Oh, and another demographic voting more for McCain in 2008 than for Bush in 2004...people over 65. Even in California, with its overwhelming support for Obama, only 48% of people over 65 voted for Obama; 50% voted for McCain.

I'm old enough to remember "Don't trust anyone over 30." Today at the very least we should think twice about the 65 and over crowd.

Friday, October 31, 2008


In a move drawing outrage from gay rights leaders and the San Francisco District Attorney, the campaign to eliminate marriage for same-sex couples in California mailed flyers to voters with a picture of Barack Obama -- and Michele -- and a quote: "I'm not in favor of gay marriage." The message "Vote Yes on Prop 8" appears under Obama's image.

But Obama had gone on record AGAINST Prop 8, and the flyer was a blatant attempt to mislead California voters into believing to the contrary.

When National Center for Lesbian Rights legal director Shannon Minter brought this to my attention earlier today, I said it was especially infuriating because four days before the election Obama could not afford to publicly disavow it. Well I was selling short the man I hope will be our next President. In fact, late Friday evening his campaign put out a statement reaffirming his opposition to Prop 8. It gave me a pinch-me-I-must-be-dreaming moment.

When Congress passed DOMA weeks before the 1996 election, President Clinton signed it. It was widely believed that a veto would torpedo his reelection. Obama's response to this one misleading flyer is nowhere near as consequential as vetoing a law passed by Congress, but, still, I expected caution on Obama's part, and therefore silence.

I'm writing tonight from Hampton, Virginia, where I've been working this week on Get Out The Vote. The volunteers range from young people to 92. We work tirelessly. We have fun. We have faith in the future. And tonight my faith just deepened.

Monday, October 27, 2008


When a bill passed by Great Britain’s House of Commons on October 22 becomes law, lesbians will have easier access to assisted reproduction. Current UK law requires fertility clinics to consider a child’s “need for a father” before accepting a patient for treatment. The new law requires clinics to consider a child’s need for “supportive parenting.” Equally important, a lesbian couple who has a child will be able to put both parents’ names on the birth certificate, so the non-biological mom will not have to adopt her own child. That’s what we are trying to do in the District of Columbia, and what couples who marry or enter civil unions/domestic partnerships in Massachusetts, California, Vermont, New Hampshire, New Jersey, and Oregon can already do.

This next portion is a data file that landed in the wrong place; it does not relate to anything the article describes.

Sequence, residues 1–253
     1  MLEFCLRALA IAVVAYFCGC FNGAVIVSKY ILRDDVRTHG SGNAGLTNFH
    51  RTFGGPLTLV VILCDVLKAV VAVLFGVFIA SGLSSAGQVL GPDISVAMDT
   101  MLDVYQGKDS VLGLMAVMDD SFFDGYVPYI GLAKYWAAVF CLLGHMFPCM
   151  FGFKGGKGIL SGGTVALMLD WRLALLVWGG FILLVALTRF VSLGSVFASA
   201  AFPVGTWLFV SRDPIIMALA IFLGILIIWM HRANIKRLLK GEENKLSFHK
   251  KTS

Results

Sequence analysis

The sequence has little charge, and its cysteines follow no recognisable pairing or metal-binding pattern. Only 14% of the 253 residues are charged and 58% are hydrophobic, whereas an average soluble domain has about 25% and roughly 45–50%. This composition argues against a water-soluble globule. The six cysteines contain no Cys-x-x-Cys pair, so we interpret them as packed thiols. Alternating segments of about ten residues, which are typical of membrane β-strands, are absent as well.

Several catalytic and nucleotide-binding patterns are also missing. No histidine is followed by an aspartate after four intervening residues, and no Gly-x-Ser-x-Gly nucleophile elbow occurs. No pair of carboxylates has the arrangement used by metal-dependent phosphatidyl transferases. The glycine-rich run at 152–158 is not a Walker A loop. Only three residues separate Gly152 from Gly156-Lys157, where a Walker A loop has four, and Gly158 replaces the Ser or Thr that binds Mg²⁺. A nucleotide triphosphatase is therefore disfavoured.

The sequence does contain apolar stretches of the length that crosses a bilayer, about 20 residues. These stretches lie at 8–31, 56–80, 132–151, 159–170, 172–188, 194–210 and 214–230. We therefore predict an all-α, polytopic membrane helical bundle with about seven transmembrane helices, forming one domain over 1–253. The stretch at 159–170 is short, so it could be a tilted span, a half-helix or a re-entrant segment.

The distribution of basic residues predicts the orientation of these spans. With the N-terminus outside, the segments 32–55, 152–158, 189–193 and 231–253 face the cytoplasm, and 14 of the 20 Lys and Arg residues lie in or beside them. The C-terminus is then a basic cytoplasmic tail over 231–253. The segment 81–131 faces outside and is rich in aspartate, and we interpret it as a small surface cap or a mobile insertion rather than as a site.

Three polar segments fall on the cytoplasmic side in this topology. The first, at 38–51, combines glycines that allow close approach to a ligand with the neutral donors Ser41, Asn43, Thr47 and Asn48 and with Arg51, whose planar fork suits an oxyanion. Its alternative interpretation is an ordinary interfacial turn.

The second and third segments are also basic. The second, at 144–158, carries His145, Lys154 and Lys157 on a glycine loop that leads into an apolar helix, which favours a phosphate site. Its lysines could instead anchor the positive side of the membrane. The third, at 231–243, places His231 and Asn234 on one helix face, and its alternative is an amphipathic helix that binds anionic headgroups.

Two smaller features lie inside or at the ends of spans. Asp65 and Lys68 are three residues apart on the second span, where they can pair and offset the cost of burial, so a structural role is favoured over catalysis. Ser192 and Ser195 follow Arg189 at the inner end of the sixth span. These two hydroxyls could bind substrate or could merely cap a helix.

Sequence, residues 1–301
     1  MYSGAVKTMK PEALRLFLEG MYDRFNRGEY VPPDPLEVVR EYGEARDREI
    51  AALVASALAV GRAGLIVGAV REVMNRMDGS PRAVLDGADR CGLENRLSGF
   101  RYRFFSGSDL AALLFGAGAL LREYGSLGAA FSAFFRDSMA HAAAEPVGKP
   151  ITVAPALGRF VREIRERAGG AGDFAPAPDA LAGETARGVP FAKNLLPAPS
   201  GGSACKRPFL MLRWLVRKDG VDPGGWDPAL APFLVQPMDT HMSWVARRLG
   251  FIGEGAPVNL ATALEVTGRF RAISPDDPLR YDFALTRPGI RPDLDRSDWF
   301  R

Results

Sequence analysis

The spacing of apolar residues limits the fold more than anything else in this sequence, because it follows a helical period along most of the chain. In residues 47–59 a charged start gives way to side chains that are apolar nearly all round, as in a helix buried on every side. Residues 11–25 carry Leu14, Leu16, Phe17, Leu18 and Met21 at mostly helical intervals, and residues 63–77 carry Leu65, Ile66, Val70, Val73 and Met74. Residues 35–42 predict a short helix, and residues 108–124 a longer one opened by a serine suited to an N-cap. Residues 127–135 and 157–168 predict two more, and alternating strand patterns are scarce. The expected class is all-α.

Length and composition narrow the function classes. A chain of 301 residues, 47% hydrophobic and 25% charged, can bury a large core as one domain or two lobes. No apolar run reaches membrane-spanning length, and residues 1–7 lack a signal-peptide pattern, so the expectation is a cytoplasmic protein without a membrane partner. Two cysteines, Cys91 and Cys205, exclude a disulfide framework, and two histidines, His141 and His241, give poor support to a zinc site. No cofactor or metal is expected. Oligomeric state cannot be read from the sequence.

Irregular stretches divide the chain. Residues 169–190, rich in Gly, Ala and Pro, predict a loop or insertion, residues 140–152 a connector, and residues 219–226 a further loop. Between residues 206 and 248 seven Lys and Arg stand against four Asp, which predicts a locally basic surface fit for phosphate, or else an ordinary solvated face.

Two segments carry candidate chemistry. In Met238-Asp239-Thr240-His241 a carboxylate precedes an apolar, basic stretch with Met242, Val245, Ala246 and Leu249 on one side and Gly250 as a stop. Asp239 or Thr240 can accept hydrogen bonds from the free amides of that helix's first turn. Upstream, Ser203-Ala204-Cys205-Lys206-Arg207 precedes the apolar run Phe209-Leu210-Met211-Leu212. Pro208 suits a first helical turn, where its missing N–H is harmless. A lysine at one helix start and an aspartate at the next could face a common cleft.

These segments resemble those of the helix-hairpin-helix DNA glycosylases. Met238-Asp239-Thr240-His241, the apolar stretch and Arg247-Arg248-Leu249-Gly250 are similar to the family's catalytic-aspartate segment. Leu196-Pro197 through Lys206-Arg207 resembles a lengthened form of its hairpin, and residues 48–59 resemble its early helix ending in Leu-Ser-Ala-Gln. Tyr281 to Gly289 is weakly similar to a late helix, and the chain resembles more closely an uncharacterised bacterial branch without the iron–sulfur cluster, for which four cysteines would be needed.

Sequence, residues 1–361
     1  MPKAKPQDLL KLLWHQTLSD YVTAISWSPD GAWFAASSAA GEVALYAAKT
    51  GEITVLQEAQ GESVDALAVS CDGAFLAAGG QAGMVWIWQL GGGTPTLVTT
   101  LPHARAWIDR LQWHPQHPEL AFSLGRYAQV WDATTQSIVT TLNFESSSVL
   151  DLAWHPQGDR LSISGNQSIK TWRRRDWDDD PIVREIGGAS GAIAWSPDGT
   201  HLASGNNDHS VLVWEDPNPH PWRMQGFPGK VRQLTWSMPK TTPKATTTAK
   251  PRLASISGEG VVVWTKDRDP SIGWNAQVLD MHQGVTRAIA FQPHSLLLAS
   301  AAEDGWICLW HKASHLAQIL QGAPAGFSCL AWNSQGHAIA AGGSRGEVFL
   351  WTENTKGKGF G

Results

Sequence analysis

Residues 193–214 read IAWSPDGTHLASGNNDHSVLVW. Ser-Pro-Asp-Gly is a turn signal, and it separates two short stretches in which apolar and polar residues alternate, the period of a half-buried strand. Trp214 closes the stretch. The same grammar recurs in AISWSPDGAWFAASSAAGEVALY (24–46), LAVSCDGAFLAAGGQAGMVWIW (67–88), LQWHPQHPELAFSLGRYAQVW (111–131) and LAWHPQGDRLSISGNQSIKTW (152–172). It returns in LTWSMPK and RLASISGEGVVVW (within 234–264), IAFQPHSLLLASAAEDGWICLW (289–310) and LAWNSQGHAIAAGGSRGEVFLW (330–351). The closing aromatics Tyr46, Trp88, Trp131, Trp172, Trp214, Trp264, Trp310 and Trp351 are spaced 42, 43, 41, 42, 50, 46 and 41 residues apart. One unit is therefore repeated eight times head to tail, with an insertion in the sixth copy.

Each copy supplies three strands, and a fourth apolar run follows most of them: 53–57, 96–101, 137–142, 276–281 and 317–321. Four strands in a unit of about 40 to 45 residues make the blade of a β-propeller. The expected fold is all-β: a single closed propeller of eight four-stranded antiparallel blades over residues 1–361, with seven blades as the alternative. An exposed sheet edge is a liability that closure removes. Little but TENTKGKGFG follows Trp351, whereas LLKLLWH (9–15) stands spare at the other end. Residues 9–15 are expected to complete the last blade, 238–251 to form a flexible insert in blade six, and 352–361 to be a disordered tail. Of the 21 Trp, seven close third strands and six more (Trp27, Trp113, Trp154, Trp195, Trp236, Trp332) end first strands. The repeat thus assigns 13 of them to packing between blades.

Kudos to the LGB group Stonewall.

Tuesday, October 21, 2008


With the presidential campaign front and center and the votes on marriage in California, Florida, and Arizona getting lots of attention, I'm worried that the fight over adoption and foster parenting by unmarried same-sex and different-sex couples in Arkansas is being overlooked. This would be truly a tragedy -- mostly for the children of Arkansas. But it would also be an unwelcome boost for the nationwide anti-gay movement. It's a movement that idealizes heterosexual marriage and disparages all other family forms -- hence the ban on unmarried straight couples as well.

Watch this video. Send it around. Get it to anyone who knows anyone who votes in Arkansas. Spread the word to vote NO on Initiated Act 1. The Foster Care Alumni of America oppose it. A group of retired Arkansas judges oppose it. The Arkansas Department of Human Services is licensing unmarried couples as foster parents, and the Governor, Mike Beebe, opposes Initiated Act 1 (not loudly enough).

And send donations to Arkansas Families First!

Wednesday, October 15, 2008


We really could end poverty if we wanted to....Unfortunately, for the past eight years the government's primary strategy for ending poverty has been "marriage promotion." The right wing reiterates the lie that all of our social problems -- including illiteracy, homelessness, substance abuse, violence, infant mortality, chronic illness, crime and, of course, poverty -- are caused by the decline in life long heterosexual marriage. This ideology then lets government off the hook for its policies that maintain tremendous income inequality.

Sociologist Scott Coltrane has documented that the funders of such right wing think tanks as the Heritage Foundation also fund organizations that push marriage as the solution to poverty, such as the Institute for American Values. The Alternatives to Marriage Project has published "Let Them East Wedding Rings," a fine place to start in critiquing "marriage promotion" as the solution to poverty.